LGBTQ people shouldn’t have to live in a closet to get housing, enjoy freedoms

It is our responsibility to win for those who come after us the freedom not to have to think about the obstacles of discrimination. To ensure that they will never feel that “my country and my community do not welcome me”.

To make sure they don’t have to realize that “this wasn’t made for me”.

For Ohio’s LGBTQ+ youth – and many others in our community, including people of color, seniors, and transgender and non-binary people – discrimination remains a tangible, daily barrier to pursuing a lives of dignity, opportunity and happiness free from stigma and prejudice that threaten their economic and physical well-being.

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For all of those Ohioans, nearly half a million of our neighbors, the enactment of federal anti-discrimination protections would be a breakthrough in addressing harms, but also in changing expectations – not only about the life we ​​in the LGBTQ+ community can hope to lead, but also about the kind of opportunity society that all of us in Ohio can enjoy.

Densil Porteous is executive director of Stonewall Columbus, the city's LGBTQ+ center and community organization.

As a black Jamaican immigrant, the son of a single mother who raised four of us until her death when I was just 14, I faced a lot of discrimination in my youth.

My Pentecostal community told me it was a sin to be gay. My Caribbean family taught me that being sensitive was wrong. Because I didn’t always speak colloquially and applied myself to my schoolwork, some classmates criticized me for “acting blank.”

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But I persevered, earning a bachelor’s and master’s degree in business administration. My upbringing allowed me to give back to the community, helping others find the happiness that I was able to enjoy.

I’m the executive director of Stonewall Columbus, the capital’s LGBTQ+ center and community organization.

I chaired the Create Columbus Commission, a group of young professionals working to make a difference in our community; served on the board of the Columbus Foundation’s Legacy Fund, an endowment that supports LGBTQ+ organizations and youth in central Ohio; and Vice President of Equitas Health, a nonprofit network serving the LGBTQ+ community statewide.

In 2020, Mayor Andrew J. Ginther appointed me to the commission that established the Columbus Civilian Police Review Board.

With my partner, I am also the father of a 5 year old daughter.

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Our programs at Stonewall Columbus strive to provide our community with the tools to overcome the discrimination they face, which is sometimes subtle, sometimes overt.

People of color as well as transgender people, who may also be economically marginalized, are most affected by overt discrimination. We partner with banks and other organizations to provide them with economic empowerment tools and workplace skills.

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Resources for the transgender community are one of the busiest parts of our website, but the apparent reluctance of many of these online visitors – especially trans women of color – to openly come to our North High Street exemplifies trauma and risk. of danger that many of them endure in their daily lives in all kinds of public spaces.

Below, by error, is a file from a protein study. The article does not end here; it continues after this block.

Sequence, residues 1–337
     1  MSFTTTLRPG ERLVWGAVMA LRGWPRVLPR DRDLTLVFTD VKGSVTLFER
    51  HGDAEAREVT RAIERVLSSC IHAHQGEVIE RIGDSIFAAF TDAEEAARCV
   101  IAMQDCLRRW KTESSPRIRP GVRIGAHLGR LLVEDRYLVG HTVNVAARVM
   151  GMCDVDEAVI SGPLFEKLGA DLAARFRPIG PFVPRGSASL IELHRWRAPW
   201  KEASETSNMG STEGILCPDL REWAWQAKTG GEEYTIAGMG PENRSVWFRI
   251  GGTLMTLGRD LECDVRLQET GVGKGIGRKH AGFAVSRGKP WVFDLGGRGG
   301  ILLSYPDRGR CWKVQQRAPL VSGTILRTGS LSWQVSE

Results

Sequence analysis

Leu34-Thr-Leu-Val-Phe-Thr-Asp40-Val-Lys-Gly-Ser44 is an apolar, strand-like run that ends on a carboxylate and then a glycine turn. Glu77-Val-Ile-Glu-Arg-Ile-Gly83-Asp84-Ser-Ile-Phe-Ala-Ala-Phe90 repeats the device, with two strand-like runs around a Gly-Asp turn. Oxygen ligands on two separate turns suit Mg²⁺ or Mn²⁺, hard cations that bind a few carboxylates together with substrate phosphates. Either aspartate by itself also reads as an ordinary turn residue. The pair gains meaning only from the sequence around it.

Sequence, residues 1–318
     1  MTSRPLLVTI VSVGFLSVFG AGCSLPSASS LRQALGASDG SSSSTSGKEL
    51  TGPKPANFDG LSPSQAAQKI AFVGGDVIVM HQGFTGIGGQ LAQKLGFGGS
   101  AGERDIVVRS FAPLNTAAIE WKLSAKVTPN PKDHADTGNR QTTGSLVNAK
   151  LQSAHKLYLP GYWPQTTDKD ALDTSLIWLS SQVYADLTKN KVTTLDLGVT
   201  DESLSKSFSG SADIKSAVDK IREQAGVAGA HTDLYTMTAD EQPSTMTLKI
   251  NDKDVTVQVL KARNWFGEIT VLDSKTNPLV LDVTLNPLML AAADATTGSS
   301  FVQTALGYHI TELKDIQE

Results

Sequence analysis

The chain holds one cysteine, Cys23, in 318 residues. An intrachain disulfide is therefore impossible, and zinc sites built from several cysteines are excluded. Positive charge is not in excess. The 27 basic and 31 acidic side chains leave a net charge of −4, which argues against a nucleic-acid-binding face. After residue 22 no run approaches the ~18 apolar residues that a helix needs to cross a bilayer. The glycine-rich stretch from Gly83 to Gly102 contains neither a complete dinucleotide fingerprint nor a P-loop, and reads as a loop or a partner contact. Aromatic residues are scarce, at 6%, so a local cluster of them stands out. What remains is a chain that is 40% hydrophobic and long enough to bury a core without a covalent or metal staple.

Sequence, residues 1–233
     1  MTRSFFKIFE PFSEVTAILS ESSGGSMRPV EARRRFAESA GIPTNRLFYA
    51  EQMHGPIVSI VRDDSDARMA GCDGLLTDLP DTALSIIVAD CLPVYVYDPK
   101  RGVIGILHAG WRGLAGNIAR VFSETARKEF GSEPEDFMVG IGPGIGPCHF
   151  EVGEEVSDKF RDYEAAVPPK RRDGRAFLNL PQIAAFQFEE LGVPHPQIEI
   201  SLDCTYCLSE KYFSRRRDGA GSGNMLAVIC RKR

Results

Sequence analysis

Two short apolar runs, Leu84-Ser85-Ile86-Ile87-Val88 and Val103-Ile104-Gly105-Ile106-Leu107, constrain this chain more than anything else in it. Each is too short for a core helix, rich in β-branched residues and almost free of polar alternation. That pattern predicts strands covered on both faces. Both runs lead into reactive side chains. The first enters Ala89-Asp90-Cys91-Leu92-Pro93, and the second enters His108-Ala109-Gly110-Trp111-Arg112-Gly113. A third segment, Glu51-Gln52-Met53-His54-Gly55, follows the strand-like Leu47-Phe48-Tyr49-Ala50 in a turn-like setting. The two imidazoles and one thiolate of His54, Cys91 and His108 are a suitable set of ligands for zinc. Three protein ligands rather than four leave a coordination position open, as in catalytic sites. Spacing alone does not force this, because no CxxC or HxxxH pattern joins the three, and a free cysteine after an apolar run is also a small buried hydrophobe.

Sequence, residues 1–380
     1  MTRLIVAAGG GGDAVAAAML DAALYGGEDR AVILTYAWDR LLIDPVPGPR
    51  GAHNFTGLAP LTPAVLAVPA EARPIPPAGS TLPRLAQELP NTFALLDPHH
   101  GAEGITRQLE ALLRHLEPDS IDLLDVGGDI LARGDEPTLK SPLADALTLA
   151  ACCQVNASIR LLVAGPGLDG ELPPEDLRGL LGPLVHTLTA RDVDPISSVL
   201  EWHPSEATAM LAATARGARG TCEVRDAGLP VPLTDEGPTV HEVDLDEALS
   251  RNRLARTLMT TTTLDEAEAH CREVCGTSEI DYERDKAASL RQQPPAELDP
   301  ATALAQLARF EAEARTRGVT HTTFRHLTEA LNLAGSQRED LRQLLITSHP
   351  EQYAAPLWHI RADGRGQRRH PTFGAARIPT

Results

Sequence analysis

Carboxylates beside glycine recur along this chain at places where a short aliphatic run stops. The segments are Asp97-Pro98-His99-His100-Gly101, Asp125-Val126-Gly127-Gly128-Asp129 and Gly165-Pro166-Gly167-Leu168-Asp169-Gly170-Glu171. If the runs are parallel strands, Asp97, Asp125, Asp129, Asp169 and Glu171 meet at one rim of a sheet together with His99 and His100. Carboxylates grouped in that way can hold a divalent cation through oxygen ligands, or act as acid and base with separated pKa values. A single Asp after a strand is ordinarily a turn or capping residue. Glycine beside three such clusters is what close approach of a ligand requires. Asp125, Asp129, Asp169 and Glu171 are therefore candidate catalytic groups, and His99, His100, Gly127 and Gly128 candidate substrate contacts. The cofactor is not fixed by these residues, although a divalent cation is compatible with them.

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From our pioneer community, we often hear about the difficulties they have in finding senior housing opportunities that are proactive in ensuring an assertive and safe environment, and we work to help them make appropriate connections.

Yet it’s clear that senior housing developers in this region have yet to pay enough attention to creating policies and residences that welcome LGBTQ+ seniors. A couple told me that they feared having to lock themselves up to find accommodation.

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The experience of discrimination, of course, is often subjective, but the unspoken ways in which LGBTQ+ people are turned away from opportunities and full access to society have real consequences on their prospects for success and happiness and their expectations for the future.

This, in turn, has many LGBTQ+ Ohioans wondering if they want to continue to call this state home.

The migration of talented and motivated residents to other parts of the country represents a brain drain contrary to the interests of our state.

Columbus and all of Ohio has many advantages to offer – a reasonable cost of living, a well-educated population, and rich cultural resources. But large employers are also interested in public policies and attitudes that welcome diversity and reward merit, regardless of an individual’s identity.

Discrimination protections would help protect LGBTQ+ investment in Ohio and improve the state’s future economic prospects.

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This year, Congress has a real opportunity to pass comprehensive federal legislation. I hope Senators Sherrod Brown and Rob Portman will help lead the way in securing these crucial protections.

Densil Porteous is executive director of Stonewall Columbus, the city’s LGBTQ+ center and community organization.

This article originally appeared on The Columbus Dispatch: Opinion: Why would the Equality Act benefit Ohioans?

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